Russian police want to interview 100 people in London
Deputy Prosecutor General Alexander Zvyagintsev confirmed:
We asked [the UK authorities] to question more than 100 witnesses and conduct dozens of searches. In our request, we formulated questions that we would like to have answered, he told the official Rossiiskaya Gazeta newspaper.
We want these investigative efforts to proceed in the presence of our detectives. We hope that our UK colleagues will respond to our request as promptly as we did recently.
There has been no official reaction from the British authorities yet – in fact, they claim they haven’t had an official request yet. So far, the only official reaction has been the rather bland statement:
“We would consider any request for assistance in consultation with the police”
The British press, however, lead by the Times, suspect that Russia is attempting to hinder the British investigation:
The Kremlin has unleashed a bureaucratic blitz on Scotland Yard as part of Russias investigation into the murder of the former spy Alexander Litvinenko.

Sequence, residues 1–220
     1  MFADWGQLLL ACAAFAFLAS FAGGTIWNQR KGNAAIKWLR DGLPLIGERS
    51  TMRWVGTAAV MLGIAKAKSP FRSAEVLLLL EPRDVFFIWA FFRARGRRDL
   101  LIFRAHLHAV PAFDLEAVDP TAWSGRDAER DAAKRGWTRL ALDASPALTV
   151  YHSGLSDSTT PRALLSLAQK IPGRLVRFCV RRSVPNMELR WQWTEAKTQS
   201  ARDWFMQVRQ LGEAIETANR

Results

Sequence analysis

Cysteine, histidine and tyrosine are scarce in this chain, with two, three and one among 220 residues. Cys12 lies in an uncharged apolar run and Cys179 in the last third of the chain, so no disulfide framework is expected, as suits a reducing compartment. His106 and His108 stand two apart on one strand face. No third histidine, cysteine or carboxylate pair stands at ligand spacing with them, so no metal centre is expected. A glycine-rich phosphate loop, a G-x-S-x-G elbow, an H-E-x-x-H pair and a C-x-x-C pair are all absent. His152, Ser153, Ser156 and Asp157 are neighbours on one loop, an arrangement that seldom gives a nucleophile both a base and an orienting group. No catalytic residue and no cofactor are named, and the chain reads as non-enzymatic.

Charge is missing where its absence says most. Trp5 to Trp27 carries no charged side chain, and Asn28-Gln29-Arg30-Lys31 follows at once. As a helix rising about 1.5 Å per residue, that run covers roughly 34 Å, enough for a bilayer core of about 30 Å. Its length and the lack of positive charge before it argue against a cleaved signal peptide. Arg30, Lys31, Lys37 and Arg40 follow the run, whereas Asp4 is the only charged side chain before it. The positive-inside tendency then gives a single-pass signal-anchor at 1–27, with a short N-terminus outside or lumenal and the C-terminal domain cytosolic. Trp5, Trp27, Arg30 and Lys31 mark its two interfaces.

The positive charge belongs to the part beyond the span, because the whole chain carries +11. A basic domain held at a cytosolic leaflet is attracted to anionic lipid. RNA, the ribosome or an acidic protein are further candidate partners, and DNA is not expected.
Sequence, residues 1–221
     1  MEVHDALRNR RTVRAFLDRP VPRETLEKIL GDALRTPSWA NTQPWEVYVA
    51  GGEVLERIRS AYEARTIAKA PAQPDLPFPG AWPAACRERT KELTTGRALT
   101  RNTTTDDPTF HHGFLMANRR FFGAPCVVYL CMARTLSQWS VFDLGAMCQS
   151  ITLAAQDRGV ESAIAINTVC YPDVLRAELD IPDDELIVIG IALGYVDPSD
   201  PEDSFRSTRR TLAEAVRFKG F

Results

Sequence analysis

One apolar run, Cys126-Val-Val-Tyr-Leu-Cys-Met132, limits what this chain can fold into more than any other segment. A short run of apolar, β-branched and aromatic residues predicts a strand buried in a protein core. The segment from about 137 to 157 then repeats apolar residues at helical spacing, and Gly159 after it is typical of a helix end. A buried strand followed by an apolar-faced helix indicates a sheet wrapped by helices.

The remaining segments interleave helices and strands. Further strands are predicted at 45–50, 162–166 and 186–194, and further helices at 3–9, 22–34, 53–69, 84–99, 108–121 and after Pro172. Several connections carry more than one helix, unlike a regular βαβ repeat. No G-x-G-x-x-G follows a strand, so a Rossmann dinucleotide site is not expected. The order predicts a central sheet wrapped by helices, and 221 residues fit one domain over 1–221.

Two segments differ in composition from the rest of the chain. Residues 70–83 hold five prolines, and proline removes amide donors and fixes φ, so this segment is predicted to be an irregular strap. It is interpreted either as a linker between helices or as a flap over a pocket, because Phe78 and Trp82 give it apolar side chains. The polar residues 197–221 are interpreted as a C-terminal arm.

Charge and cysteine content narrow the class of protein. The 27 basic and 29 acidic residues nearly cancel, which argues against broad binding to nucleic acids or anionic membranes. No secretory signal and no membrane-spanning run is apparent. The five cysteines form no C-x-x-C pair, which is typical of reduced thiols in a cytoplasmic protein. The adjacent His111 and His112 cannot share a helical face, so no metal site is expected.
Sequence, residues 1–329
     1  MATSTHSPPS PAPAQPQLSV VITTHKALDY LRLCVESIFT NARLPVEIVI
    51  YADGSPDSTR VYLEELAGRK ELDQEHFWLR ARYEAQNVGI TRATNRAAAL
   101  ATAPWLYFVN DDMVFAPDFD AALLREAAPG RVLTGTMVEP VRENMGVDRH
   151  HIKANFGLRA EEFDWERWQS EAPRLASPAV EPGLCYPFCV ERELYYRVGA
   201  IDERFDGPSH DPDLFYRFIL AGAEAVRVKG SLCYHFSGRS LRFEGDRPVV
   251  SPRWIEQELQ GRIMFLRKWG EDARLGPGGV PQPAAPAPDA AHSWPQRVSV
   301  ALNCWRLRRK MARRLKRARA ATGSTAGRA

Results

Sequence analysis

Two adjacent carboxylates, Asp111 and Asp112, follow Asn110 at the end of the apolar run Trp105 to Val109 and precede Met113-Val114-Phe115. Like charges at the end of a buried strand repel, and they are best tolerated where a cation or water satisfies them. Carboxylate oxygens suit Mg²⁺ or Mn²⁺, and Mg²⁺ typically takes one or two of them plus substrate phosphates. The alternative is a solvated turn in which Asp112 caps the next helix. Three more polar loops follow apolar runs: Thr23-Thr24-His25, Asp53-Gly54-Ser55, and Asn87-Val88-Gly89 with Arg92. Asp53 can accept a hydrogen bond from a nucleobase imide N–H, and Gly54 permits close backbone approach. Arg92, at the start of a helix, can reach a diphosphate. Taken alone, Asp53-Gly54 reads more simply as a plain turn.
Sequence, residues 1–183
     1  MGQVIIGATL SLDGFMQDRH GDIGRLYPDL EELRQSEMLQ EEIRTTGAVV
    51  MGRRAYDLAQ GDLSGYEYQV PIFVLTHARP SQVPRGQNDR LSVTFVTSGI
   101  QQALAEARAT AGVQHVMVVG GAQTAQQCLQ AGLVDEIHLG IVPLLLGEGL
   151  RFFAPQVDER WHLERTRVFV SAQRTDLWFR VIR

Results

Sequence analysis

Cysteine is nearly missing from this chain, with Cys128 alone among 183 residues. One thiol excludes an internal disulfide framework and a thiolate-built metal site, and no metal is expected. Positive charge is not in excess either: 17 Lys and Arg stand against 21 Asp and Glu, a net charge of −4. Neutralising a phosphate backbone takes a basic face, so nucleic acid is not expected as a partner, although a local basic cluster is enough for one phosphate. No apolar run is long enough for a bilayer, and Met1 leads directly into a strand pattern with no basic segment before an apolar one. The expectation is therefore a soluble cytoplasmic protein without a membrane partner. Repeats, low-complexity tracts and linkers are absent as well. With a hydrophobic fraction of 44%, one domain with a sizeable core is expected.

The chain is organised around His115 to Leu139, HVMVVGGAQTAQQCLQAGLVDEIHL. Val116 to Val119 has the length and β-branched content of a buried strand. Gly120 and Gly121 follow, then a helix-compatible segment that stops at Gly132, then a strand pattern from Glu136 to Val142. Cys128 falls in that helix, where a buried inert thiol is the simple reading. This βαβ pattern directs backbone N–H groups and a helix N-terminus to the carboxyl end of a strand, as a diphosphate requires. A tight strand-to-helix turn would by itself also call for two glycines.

The scale of the Russian request has prompted suspicions that Moscow is seeking to stall the investigation by overwhelming Scotland Yard with largely irrelevant demands.
I must confess, 100 interviews seems somewhat extreme, especially given that British police will have already interviewed most of the people on the Russian list.
However I still think the British government should accept this request.
Thinking in terms of realpolitik, the chances of the person who actually ordered this murder ever being extradited from Russia are extremely slim, so the Russian request won’t actually delay anything with regard to the resolution of this case.
What the Russia is actually trying to do is embarrass the UK – they expect the British to turn around and reject their request or, at the very least, only agree to a few interviews. If this happens, they will think they have a water-tight public relations case for rejecting any future requests for significant co-operation, and for rejecting any extradition requests.
The solution is simple – the UK should let the Russians in, with full access, and sieze this chance to take the moral highground before requesting any extraditions.